Television of the Future

Ten years ago, I was the guy who had the first everything. If it was new and it involved technology, I was the first kid on the block. At some point, either I became too busy to keep up with everything or I simply discovered it was financially more sensible to wait a bit. You know, for version 2.0.

So it was with great pleasure last week that I finally purchased my first flat screen TV. Yep, I was one of those old square tube hold outs. It wasn’t that I haven’t been tempted the last five years, it’s just that I was waiting for the technology to catch up to where I wanted it to be. That and everything I’ve read the past six months said that the falling prices on those beautiful flat screens was probably going to level out at the end of 2010. The store inventories were finally hitting equilibrium.

And my timing couldn’t be better. I used to have satellite TV. I was an early small dish adopter, but when I moved into my new photography studio five years ago, I just didn’t have the time to watch a lot of television and so I dropped it. And I just couldn’t justify giving any money to the cable company pirates. You know who you are.

So yeah. Just over the air TV for me when I did find time to watch.

When I finally began shopping for my first flat screen a few months ago, I had a few things on my list. It had to be 1080p. It had to have a good refresh rate. And it had to talk to my wireless internet network and my studio computers – without an additional box.

Check, check, check.

And for a price much, much lower than I would have paid for half of the television even two years ago, with features that weren’t even available back then. Plus an additional $100 off for Cyber Monday.

I’ve spent the last week exploring all that a properly networked television can do. And I’m astounded. Beautiful digital over the air TV signals to be sure, but what really makes it compelling is all the internet content I can watch on it with a few clicks of the remote.

The good people at Netflix have figured this out and for $7.99 a month, I can watch anything off of their Instantly Watch menu. Sure, it’s not nearly as extensive as their DVD offerings. But it’s damn good. I’ve already loaded up 30 movies and television program seasons in my cue that I can watch anytime. Start, stop, resume. Oh and if I get sleepy, watching movies into the wee hours, I can stop, get some shut-eye and pick right where I left off on my iPhone on my way into the office the next morning. It knows where I left off. Damned intelligent, Netflix is.

I love living in the future.

If I want to watch something more current, CinemaNow is also on my television and for a small rental fee per movie, I can indulge in what I can’t find on Netflix.

UPDATE: It turns out that CinemaNow is extremely Mac un-freindly. They let me sign up for an account online, but after that, their website is not Mac compatible. Their website! Who ever heard of a website being PC only??!! CinemaNow is just that. Safari? Nope. Firefox? Nope. So I can’t even login to cancel my account with them. It’s 2010. Please keep up with the rest of us.

Vudu is also on my new TV and offers the same movies as CinemaNow and I can use any Mac browser to access my account. So I have switched from CinemaNow to Vudu to watch new releases. Buh bye CinemaNow and your silly non-Mac website.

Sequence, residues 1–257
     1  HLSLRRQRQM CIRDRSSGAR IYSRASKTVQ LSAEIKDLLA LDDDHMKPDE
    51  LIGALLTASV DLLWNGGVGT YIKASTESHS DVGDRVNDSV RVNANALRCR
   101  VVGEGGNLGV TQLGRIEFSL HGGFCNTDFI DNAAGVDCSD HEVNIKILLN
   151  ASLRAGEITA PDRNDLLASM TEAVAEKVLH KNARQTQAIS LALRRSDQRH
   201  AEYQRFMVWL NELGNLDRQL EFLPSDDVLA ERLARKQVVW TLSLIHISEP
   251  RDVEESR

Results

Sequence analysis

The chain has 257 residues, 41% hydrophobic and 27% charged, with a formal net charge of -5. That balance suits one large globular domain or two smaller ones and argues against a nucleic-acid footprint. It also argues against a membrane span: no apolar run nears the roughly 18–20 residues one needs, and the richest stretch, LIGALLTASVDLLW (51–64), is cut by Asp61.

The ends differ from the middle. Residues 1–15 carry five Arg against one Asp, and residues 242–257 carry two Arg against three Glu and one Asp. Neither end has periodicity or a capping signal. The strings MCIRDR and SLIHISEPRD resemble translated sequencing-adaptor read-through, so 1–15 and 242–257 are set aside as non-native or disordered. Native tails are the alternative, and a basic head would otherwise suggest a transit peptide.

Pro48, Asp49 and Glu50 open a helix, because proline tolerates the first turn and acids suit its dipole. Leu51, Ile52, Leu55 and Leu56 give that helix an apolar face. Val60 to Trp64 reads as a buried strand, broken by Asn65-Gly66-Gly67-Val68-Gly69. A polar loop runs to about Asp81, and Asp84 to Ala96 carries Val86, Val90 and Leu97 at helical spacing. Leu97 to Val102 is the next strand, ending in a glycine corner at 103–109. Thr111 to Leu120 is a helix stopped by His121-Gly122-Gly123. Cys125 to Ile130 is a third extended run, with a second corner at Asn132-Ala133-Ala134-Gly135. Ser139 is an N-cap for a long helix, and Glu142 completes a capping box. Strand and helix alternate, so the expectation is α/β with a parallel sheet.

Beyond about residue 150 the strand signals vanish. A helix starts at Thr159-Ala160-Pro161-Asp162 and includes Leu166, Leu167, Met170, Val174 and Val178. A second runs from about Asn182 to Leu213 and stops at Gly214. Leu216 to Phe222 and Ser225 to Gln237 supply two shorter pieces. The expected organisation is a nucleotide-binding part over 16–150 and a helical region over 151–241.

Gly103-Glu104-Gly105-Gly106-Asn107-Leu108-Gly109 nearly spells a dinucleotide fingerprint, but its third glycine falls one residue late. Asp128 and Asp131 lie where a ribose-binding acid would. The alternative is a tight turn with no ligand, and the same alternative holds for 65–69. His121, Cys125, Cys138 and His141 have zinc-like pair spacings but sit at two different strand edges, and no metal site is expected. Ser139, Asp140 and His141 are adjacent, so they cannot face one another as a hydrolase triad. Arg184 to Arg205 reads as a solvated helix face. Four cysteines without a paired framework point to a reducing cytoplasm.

With Netflix and Vudu, there is no frustrating buffering, waiting for the movie to load. As soon as I select something I want to watch, it checks my current internet connection and serves up the proper bandwidth encoded version of the movie. No stalling. It just plays all the way through without interruption. Unless I decide to pause it for whatever reason.

And this is all without any additional box hooked up to the TV.

But it’s not just movies. If I feel like a little intellectual inspiration, I can view hundreds of fascinating lectures with the TED TV app. If you haven’t heard of TED (Technology, Entertainment, Design), it’s a small non profit all devoted to, in their words, Ideas Worth Spreading. You can pick a talk from hundreds of artists, scientists, designers and other interesting people who have given their lectures at the various TED events over the years. It’s really inspiring stuff. And it’s all on my TV, whenever I want it. Perfect for those times when Mike & Molly is the only thing on free TV and I’d rather not dumb down my IQ.

How about music? Pandora. It’s on my TV as well. I just turned one of my friends onto Pandora and he can’t thank me enough. Pick an band or singer or a song and Pandora will analyze said selection and create a station full of tunes that are similar to the one you have selected. And go ahead and pay the $36/year for Pandora One for the higher quality audio and no commercials. Best $36 you’ll spend this year.

YouTube? Yep. Facebook? If you must. Hulu? Yes, but for a monthly fee, the bastards. I’ll skip that one for now. Picassa, so I can put up an ever changing HD slideshow of my photography. Getty Images for when I want to turn my TV into a museum of Fine Art.

And a channel called MakingOf, which offers a selection of Behind the Scenes videos, interviews and trailers of current movies. Excellent for when you have 15 minutes to kill.

News, weather.

In short, it’s Television of the Future. Without the $80-150/month cable bill. More than I personally could get bored with. All whenever I want to serve it up…. when I have some rare downtime anyway.

It’s good to wait for version 2.0… or 5.0 in my particular case.

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